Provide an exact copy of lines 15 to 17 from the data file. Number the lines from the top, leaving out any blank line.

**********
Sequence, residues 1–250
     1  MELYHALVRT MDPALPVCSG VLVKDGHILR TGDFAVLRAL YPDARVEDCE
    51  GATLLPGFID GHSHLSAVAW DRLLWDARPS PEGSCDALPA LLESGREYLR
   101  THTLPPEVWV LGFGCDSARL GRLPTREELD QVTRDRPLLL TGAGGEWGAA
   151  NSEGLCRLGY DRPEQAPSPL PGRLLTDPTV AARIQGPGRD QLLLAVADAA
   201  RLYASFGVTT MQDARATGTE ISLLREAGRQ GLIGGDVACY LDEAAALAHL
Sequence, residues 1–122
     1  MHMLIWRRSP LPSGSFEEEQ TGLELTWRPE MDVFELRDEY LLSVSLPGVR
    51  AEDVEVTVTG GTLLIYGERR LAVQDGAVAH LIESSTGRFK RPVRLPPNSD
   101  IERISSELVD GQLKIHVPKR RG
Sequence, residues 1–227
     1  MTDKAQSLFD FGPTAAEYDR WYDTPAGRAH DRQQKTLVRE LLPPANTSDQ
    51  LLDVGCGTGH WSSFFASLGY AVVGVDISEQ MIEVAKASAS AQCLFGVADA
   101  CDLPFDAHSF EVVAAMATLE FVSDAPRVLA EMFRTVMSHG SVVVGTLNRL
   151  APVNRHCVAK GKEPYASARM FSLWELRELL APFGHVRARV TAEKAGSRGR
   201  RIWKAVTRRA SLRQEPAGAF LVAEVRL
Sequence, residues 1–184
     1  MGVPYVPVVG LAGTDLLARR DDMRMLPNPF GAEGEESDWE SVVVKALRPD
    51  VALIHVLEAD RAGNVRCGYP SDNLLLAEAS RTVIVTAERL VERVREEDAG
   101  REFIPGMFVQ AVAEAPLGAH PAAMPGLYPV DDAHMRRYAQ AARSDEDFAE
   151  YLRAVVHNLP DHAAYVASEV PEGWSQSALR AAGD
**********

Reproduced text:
   151  APVNRHCVAK GKEPYASARM FSLWELRELL APFGHVRARV TAEKAGSRGR
   201  RIWKAVTRRA SLRQEPAGAF LVAEVRL
Sequence, residues 1–184